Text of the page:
The Michigan Daily - Friday, November 6, 1998 - 7
Continued from Page 1
away the book."
Problems with the book-ticket system includ-
ed students losing books or leaving the books in
"If that system was a good system, it would
still be in use today" Bodnar said.
Bodnar said a decision will be made about
tickets within the next few months.
"In late January we go to press on the student
,plications," Bodnar said. "My priority is to get
on the phone and see what other schools do."
Students are not being specifically targeted by
the University, Bodnar said.
"Scalping is an issue for everybody who
attends the game'" Bodnar said. Bodnar said stu-
dent tickets may be targeted because of the dis-
Board members discussed the football ticket
system used by the University of Notre Dame,
which uses designated student gates.
"It's very difficult to scalp a student ticket at
Notre Dame," Bodnar said.
Greg Herczeg, a senior at Notre Dame,
described the ticket system.
"We get a packet of six tickets in one"
Herczeg said. Students are required to sign the
front of the packet and show a student ID twice
"It's very difficult to scalp a student ticket at
- Marty Bodnar
Director of ticket operations
- once upon entering the stadium and then
before sitting in the stadium. Student IDs are not
closely examined, Herczeg said.
"It's really hard to sell a ticket if you don't
trust a person," Herczeg said.
Students can opt to exchange their tickets for
general admissions tickets, but they are required to
pay the $16 price difference, Herezeg said.
"The major problem with tickets is if you're
acting out at a game ... the ushers will take your
ticket book,' Herczeg said.
If tickets are confiscated for misbehavior,
refunds are not given, Herczeg said. Students can
purchase general admission tickets if their book is
taken or lost, but they must pay $16 per ticket.
"It's fairly common for friends" to loan ticket
books to one and other, but "you have to be care-_-
ful doing it," Herczeg said.
The Board also discussed the examination of
women's water polo and women's lacrosse as
possible future varsity teams to fulfill the°
requirements of Title IX of the Civil Rights Act.
"We want to be proactive along these lines:'
Goss said. "If you plan it and manage it, it will
have less of an impact on your operations."
A committee through the Athletic Department
will determine the expense each team would incur
as a varsity team, including national champi-
onships, the needs of each team and facilities.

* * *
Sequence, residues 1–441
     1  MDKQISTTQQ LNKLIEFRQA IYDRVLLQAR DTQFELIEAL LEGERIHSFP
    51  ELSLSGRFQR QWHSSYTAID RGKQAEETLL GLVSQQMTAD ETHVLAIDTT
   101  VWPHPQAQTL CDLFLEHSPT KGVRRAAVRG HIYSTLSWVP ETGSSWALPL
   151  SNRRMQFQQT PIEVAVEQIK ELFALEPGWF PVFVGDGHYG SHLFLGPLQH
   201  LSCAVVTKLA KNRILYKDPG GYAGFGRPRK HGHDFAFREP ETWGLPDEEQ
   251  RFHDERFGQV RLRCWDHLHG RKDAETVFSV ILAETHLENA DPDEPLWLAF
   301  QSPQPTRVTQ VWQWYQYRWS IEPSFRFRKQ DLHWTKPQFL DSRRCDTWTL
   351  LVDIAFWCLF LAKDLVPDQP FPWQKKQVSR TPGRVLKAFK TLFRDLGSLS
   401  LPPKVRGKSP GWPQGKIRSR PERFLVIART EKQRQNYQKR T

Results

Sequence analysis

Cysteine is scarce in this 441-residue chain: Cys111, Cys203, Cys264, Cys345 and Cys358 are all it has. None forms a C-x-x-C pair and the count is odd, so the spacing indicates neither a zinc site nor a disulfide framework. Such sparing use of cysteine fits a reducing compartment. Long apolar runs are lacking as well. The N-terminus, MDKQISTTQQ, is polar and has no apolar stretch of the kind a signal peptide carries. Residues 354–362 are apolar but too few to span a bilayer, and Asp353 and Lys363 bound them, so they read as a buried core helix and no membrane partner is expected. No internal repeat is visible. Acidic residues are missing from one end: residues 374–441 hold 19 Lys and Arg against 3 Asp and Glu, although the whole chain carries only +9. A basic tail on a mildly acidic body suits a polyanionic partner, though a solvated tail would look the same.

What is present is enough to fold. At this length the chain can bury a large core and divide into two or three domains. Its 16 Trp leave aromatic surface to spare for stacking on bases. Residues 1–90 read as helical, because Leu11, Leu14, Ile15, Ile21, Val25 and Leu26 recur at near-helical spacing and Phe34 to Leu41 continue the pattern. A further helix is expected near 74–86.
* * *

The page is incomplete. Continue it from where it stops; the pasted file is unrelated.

"It's a road map in terms of where to go"
Continued from Page 1
^ MALD spokesperson Rosa
Abreu said the coalition is empha-
sizing the importance of student
evolvement with the lawsuits and
said it is clear the students who wish
to intervene have a lot at stake.
"Every day that goes by without
the view of minority students is a day
that is really lost in student's ability to
fully participate," Abreu said.
But the current problem, Dillard
said, is not an issue of the University
versus the coalition.
"We're dealing with the issue of
3*ether U of M can adequately repre-
sent the position of people of color:'
Dillard said. "The coalition is con-
cerned with equal access to educa-
tion. (The University) is concerned
with education diversity."
University spokesperson Julie
Peterson said she could provide no
information regarding the coalition's
In the wake of this latest develop-
ent, Law Prof. Terrence Sandalow
hid there is no question that the
progress of the case continues to draw
interest among students and faculty.
"In the sense that it is a legal case.
There is a great deal of interest
-around the Law School," Sandalow
said, adding that he was not familiar
enough with the details of the latest
appeal to say for sure whether it will
make substantial progress in the law-
Dillard said it is important to
understand that the coalition, while
appealing to the Cincinnati-based
court, does support educational
diversity, but also believes the
University alone may not be able to
adequately argue some of the law-
For better representation, he said,
the lawsuit should involve minority
students, prospective minority stu-
dents and the coalition.
"The University is a state actor
and is subject to external and inter-
nal pressure" Dillard said, citing the
recent debates over the dedication of
an East Quad Residence Hall room
to RC Prof. Carl Cohen.
The room originally was sched-
uled to be named for Cohen but the
naming was revoked due to problems
with Housing Division policies,
sparking debate over whether or not
Cohen's outspoken opposition to the
University's use of race-based prefer-
ences in admissions also contributed
to the decision.
The coalition also considered the
University's overall support for the
previous intervention attempt to be
"We feel (the University) gave
lukewarm support for us ... we would
have liked it to be stronger," Dillard
The lawsuit intervention process
has been long and discouraging,
Abreu said, but it has not necessarily
hindered students' energy about the
central issue of involvement in the
"It's clear that from the stand-
point of prospective students, they
are more interested than ever,"
Cox seeks to
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